The Taranaki region has not had a Covid-19 case reported since April, some five months ago. So it was music to my ears when the Prime Minister confirmed we would be dropping down to alert level 1 and the restrictions on gatherings and on our movements were effectively returning to normal. This is a critical component of economic recovery for New Zealand and the preservation of thousands of Kiwi jobs across all sectors.
At a local level we have been shielded somewhat from the negative financial impact of Covid-19 because our regional economy is largely comprised of the agricultural sector, which soldiered on without hassle throughout the crisis. Not that they haven't had some difficulties of their own, but farmers are a resilient bunch and have faced adversity before.
I wonder then, why they have become the favourite whipping boys for what seems like everything that is wrong in this country, especially around environmental issues. Activists, politicians and political parties continue to take cheap shots at the very industry that in reality, has kept the country afloat over the last six months. Trying to kill the goose that is laying the golden egg is just plain madness in my mind.
The image of farmers acting irresponsibly is often presented by lobby groups and politicians who connive to use selected images or incidents to promote their cause. The changes to the freshwater regulations is a current example. Every few days, especially in the coming summer months, we will see video footage of hand-picked examples of slow-flowing drains and ponds with dirty water and algae growth, not the image we enjoy. Damn farmers, they will say! But I can guarantee we won't see the equivalent images of raw human sewage mixed with stormwater flowing into the harbours or on to the beaches of Auckland, although it certainly happens. Damn urban dwellers, they won't say!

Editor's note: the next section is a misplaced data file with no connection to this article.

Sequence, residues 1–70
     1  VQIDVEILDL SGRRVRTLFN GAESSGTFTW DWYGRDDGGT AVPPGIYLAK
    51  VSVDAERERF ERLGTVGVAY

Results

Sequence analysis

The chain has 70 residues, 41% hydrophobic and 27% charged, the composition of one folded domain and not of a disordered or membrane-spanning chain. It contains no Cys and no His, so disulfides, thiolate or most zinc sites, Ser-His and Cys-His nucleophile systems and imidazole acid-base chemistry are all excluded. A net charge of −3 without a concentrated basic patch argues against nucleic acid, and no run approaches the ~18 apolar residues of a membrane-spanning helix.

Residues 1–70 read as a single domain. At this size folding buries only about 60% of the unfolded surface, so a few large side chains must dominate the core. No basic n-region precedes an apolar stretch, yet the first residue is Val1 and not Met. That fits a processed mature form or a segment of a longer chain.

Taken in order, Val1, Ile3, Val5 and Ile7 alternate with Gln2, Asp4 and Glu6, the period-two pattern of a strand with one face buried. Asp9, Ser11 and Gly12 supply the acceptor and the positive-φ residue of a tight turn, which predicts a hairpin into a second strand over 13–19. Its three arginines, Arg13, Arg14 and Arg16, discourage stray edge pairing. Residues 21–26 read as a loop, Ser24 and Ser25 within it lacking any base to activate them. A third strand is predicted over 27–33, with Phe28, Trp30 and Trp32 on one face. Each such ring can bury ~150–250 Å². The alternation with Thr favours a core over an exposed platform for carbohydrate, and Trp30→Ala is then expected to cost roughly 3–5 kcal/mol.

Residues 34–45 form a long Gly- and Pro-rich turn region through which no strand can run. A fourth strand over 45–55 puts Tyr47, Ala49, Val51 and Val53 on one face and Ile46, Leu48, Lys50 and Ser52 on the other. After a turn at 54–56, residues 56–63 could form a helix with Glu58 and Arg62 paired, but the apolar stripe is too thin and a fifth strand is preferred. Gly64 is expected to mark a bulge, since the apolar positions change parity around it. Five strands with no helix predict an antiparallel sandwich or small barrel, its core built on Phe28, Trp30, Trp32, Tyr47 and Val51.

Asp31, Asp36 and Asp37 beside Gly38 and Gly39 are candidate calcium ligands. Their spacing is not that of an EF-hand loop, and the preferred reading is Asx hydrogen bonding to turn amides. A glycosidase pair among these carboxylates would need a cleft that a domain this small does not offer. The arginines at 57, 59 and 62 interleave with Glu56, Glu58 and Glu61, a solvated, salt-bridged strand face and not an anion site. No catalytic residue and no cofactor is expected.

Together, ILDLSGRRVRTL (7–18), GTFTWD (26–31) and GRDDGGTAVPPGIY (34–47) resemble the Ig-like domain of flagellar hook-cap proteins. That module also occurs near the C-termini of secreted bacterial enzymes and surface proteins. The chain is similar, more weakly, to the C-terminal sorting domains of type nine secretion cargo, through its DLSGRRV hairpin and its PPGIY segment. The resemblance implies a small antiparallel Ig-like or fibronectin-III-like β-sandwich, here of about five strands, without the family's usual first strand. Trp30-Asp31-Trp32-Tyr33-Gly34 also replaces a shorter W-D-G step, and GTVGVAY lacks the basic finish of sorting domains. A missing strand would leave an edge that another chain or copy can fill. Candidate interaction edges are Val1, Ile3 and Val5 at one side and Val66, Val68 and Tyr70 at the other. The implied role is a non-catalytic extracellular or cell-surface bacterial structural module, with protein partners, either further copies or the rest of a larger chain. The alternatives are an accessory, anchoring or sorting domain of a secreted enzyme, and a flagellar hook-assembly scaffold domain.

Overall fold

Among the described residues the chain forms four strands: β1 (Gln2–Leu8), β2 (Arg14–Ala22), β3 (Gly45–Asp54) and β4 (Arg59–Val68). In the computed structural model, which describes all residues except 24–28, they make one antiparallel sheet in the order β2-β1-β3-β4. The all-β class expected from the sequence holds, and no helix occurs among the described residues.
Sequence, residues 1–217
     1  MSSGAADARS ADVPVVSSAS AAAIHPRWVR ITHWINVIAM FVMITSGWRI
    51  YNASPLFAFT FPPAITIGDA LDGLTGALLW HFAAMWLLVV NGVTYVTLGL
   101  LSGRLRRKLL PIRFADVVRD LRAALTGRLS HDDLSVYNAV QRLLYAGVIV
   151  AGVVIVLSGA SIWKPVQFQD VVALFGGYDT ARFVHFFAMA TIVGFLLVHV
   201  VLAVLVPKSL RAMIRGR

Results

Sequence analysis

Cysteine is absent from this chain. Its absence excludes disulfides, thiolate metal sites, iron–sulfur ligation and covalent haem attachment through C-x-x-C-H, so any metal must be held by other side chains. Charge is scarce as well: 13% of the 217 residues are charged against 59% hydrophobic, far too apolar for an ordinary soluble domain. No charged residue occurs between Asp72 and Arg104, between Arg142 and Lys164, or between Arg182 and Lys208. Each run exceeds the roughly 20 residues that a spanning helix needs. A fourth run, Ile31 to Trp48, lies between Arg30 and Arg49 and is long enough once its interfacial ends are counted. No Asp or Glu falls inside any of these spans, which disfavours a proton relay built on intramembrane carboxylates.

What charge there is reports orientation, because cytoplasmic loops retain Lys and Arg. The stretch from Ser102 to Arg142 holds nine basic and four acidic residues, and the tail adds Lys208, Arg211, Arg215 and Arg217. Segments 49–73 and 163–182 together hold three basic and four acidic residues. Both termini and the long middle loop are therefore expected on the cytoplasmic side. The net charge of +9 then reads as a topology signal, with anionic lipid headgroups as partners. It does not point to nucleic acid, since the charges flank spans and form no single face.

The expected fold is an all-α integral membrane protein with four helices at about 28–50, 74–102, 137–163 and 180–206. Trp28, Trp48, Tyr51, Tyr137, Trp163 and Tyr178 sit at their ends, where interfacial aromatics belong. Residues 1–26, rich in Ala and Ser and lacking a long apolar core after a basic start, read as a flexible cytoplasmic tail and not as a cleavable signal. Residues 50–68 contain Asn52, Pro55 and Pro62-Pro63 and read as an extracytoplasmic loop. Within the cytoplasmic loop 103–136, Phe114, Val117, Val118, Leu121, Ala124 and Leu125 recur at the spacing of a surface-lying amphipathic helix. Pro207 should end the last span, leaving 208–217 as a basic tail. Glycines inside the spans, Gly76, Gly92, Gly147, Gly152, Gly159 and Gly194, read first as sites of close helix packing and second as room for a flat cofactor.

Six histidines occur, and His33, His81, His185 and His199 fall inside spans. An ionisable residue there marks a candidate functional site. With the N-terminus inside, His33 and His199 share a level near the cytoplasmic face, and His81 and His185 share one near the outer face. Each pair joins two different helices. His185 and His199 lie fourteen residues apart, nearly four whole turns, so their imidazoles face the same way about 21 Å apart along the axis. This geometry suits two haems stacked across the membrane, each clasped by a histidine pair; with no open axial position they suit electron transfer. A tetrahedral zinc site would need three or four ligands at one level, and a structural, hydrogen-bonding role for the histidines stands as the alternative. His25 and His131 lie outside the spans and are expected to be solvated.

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There is a massive disconnect between the reality of what goes into good farming practices, especially dairying, and what city dwellers think might happen. The compliance rules and associated costs are enormous, the science being applied across the sector is incredible and the desire to have a sustainable industry is overwhelming. If New Zealand is to truly have a future as a leading food producer to the world, we should be looking to support and encourage farmers to lead the way to success. Continuously knocking them is not the answer.
Diversifying the food-producing sector in Taranaki is one of the key actions in our regional economic development plan and was included long before we were struck by the Covid-19 pandemic. The development of new foods has huge potential in this region as we transition away from some of the traditional industries like oil and gas - farmers will remain the mainstay of our regional economy.
So on behalf of all of us in the district, I would like to say a genuine thank you to all involved in our vital agriculture sector, you do a damn good job.